“For example, if your products or services are being misrepresented by your logo, a redesign may provide a way to attract new, targeted clients. However, if your existing customers are comfortable with your current logo, you could scare them away—and sacrifice your hard-earned brand equity—by changing it,” Sorkin says.
“If you’re really curious about your logo, don’t be afraid to hold an informal focus group with some of your customers. It could provide more insight going into the project, and potentially help you avoid a disaster,” he adds.
3.) Make sure your logo does more than just “stand out."
“It is much more important to accurately communicate your brand than to simply stand out from the crowd,” says Mabus. “Bank of America could stand out with a clown getting a pie in the face on their logo, but it just wouldn't represent the brand. Be effective by being relevant.”
With that said, it’s still important for a logo to attract clients.
“A logo should not only look good, but also capture the viewer’s attention in a relevant, meaningful way,” says Sorkin. “A good designer will take you through a creative brief, where you’ll identify the key messages and emotions you want your logo to convey. If the design resonates with the brief, then your logo will stand out for the right strategic reasons.”
Another way to make a logo pop is to keep current trends in mind, says Rob Stone, VP of Licensing at Excel Corporation.
“You should always keep trends in music, fashion and popular culture in mind, and incorporate those details into your logo. There are many aspects of a successful logo, and they all need to be in keeping with current styles. Otherwise, you risk showing your age, thus defeating the whole purpose,” he says.
4.) Know when you’re spending too much—or not enough.
A logo can cost anywhere from $5 to $50,000 or more, depending on your needs and resources, says Sorkin.
“Remember—you get what you pay for. A $75 logo usually looks like a $75 logo. For a small business, a distinguished, professional logo with an experienced designer could typically cost in the $700 - $1,000 range. If you take the time to find a designer with a strong portfolio and a good understanding of your brand, then you won’t overpay,” he says.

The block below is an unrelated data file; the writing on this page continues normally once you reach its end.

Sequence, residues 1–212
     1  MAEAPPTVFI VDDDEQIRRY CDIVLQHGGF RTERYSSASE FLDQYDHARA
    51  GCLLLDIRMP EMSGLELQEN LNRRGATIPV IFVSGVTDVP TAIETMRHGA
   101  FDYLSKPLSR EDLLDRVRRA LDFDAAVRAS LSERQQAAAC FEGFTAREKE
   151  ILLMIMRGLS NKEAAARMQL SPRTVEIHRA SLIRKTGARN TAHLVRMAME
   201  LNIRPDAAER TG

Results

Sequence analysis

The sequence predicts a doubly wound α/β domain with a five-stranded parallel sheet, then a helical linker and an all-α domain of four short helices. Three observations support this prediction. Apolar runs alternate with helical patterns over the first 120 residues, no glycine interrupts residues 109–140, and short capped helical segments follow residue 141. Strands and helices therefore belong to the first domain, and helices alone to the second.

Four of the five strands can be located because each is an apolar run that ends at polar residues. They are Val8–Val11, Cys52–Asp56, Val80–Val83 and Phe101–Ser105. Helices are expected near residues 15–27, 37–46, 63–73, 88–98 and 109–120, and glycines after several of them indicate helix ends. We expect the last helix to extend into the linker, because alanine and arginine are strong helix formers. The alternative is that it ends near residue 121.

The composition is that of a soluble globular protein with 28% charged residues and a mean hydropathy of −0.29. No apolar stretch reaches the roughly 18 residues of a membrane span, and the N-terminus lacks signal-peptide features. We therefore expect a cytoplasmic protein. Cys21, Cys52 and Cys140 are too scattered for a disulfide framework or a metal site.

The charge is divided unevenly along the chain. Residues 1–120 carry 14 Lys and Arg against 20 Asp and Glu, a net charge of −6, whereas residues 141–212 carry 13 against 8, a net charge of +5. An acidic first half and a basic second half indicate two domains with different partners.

With that said, your logo is your “lifeline,” and it’s hard to put a price on getting it right, says Stone.
“This isn’t an answer that most people want to hear, but the truth is, you can never spend too much on your logo,” he says. “Your logo is a condensed representation of everything your company stands for.”
5.) Avoid anything that will make your logo look “dated.”
“Avoid the temptation of following trends,” says Graves. “Look for a timeless solution, so you don’t have to repeat the exercise too soon. A brand that’s constantly changing runs the risk of confusing its customers.”
If you get too trendy, you run the risk of going out of style much more quickly, says Stone.
“You still want people to see your brand as being consistent, trustworthy and standing the test of time," he says.
Be wary—sometimes it can be difficult to spot the difference between something that is simply popular and something that may lend credibility to your brand, says Michelle Adelson, Chief Brand Strategist at Phelps, a marketing agency in Santa Monica, California.
“Take time to understand the difference between a real trend—like shifts in the market towards natural products—and a fad, which would be something more like the popularity of emerald tones during autumn,” Adelson says.